When individuals reach out to us, we know that immediate support is critical, which is why our shelter program has responded to growing demands, providing safe shelter for all who seek it – regardless of capacity.
Located at 720 West Fifth Street in Appleton, Wisconsin, our handicap-accessible, 55-bed facility provides safe shelter at no cost to women and children experiencing domestic abuse. This includes emotional, financial, physical, sexual, verbal, and other forms of abuse. Men seeking refuge are provided alternative shelter locations based on need and level of danger. Harbor House residents can stay until their safety situation is resolved or until they find alternative housing. We are open 24 hours a day and we accept both walk-in and scheduled appointments.
More than Just a Shelter
At Harbor House, we’re more than just a shelter – we’re a community of support and encouragement. If you’re leaving your situation in a hurry, we offer food, clothing, personal care items, and other basic needs. And we encourage all clients – both shelter residents and nonresidents – to meet with an Advocate to develop a safety plan and get help connecting to additional services. We also provide access to safe transportation so you can make the important appointments in your life.
Our shelter facility is protected by a comprehensive security system that includes controlled entry into the building, security cameras, and specific procedures that ensure safe entry for residents, volunteers, and donors. Safety is also emphasized when training new staff, volunteers, and board members. In addition, staff is on duty 24-hours-a-day, seven-days-a-week to take crisis calls and attend to the needs of clients.
We realize that each person’s experience is unique. We’re not here to tell you what to do, when to do it, or how to do it. We’re here to support the decisions you make by surrounding you with encouragement, services, and resources. Our advocates will never push you to share more than you want to – and we will not share your information with anyone else, including law enforcement, unless we have explicit written permission.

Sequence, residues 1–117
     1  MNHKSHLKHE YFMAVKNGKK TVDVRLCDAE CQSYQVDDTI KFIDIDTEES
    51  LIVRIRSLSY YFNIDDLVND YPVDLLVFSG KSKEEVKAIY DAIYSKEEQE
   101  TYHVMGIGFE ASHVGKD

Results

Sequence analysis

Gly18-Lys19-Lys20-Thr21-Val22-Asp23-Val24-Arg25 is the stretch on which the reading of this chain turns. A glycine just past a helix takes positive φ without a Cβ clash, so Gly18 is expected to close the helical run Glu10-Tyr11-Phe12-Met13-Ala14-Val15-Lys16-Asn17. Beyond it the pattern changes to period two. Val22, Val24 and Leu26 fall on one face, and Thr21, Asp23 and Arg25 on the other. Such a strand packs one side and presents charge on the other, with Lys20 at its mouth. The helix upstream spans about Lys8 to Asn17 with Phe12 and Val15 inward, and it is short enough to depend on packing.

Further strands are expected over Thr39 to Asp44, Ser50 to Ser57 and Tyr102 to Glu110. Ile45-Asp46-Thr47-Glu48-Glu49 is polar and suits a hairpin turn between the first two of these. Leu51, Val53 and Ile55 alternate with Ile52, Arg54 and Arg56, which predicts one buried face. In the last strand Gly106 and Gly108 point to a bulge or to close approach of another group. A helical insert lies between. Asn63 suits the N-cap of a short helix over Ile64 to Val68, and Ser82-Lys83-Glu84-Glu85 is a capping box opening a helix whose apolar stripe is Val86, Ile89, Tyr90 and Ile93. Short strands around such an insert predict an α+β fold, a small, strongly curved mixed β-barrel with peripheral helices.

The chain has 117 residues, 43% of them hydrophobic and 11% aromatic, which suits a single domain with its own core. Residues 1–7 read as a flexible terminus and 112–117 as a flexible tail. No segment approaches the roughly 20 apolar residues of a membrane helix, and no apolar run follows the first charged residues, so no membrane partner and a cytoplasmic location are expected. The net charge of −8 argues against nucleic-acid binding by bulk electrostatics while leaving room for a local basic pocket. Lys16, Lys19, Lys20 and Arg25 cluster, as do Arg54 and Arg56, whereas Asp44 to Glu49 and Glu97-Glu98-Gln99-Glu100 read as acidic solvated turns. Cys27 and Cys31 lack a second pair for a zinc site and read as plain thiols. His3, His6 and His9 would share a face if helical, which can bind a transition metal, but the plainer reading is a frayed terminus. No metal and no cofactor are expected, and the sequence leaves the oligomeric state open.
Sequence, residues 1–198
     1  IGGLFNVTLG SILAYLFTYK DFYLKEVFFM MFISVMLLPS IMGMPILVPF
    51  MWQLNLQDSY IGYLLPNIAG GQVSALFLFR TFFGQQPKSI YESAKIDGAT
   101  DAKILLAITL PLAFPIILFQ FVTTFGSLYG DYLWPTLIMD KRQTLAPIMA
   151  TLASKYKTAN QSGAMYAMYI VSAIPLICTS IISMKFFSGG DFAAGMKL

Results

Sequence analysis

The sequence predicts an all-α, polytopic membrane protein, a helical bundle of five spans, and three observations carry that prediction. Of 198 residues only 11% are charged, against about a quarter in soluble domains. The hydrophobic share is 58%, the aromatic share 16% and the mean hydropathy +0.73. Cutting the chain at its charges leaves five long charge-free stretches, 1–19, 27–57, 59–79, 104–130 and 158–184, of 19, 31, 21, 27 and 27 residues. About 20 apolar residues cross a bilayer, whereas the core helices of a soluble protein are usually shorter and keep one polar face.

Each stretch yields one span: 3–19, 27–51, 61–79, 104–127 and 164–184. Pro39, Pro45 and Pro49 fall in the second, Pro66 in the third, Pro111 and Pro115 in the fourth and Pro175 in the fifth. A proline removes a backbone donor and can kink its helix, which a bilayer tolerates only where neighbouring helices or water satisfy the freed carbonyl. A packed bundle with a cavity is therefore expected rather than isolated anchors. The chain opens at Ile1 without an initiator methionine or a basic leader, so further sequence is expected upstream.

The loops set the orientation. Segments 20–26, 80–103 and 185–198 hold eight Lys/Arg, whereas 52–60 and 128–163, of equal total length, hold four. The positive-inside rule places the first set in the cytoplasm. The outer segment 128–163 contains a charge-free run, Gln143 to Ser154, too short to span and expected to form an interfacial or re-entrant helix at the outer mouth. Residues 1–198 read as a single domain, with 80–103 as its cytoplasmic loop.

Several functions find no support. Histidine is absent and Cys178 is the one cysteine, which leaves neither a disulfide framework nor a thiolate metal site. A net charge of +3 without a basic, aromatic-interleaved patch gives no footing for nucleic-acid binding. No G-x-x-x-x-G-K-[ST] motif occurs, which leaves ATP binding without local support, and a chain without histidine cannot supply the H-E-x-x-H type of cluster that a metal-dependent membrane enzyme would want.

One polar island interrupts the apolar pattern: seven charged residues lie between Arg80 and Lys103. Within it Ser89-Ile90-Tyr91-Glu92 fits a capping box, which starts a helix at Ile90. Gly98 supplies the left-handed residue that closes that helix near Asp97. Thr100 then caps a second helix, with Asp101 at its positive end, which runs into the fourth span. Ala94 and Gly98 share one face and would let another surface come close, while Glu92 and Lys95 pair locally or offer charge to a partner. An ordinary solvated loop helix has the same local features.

While the Harbor House Shelter Program can help address your most fundamental needs by providing safe shelter and safety planning services, it is also the gateway to a number of additional services that help you move beyond basic safety and towards a life of self-sufficiency and personal empowerment.
The Harbor House Women’s Program helps clients address the trauma experienced as a result of domestic abuse while also removing barriers to self-sufficiency and empowerment. Services include one-on-one counseling, safety planning, support groupsii, legal and economic advocacy, and referrals to other community resources.
Our Youth Program offers children and teens a supportive environment where they can learn about domestic abuse and discuss strategies to stay safe. Individual and group support gives young people the chance to share their experiences. Youth Advocates also work with the moms iiito provide legal and educational assistance.
We understand that your pet is an important part of the family and a source of comfort during difficult times. Our Critter Corner pet shelter offers safe, short-term, on-site accommodations for your pet while you stay in our shelter. We’re also the first shelter in the state of Wisconsin to be listed as a SAF-T Shelter.
iBecause a substantial majority of our clients are women, this program is referred to as the “Women’s Program” and program advocates are referred to as “Women’s Advocates.” On this website, we also sometimes refer to program clients as “women.” Despite this use of nomenclature, we realize that domestic abuse also affects men, and we make most of our programming – including individual counseling, safety planning, legal advocacy, and domestic advocacy – available to men as well.
iiBecause a substantial majority of our clients are women, most of our support groups are available to women only. While we also have a youth support group, there are no support groups for men at this time. However, men are welcome to seek individual counseling and safety planning, as well as legal and economic advocacy.
iiiWe actually work with the protective parent, which may be a man or woman. We use the word “moms” here because a large majority of our clients are women, and women are most often the protective parent in these situations.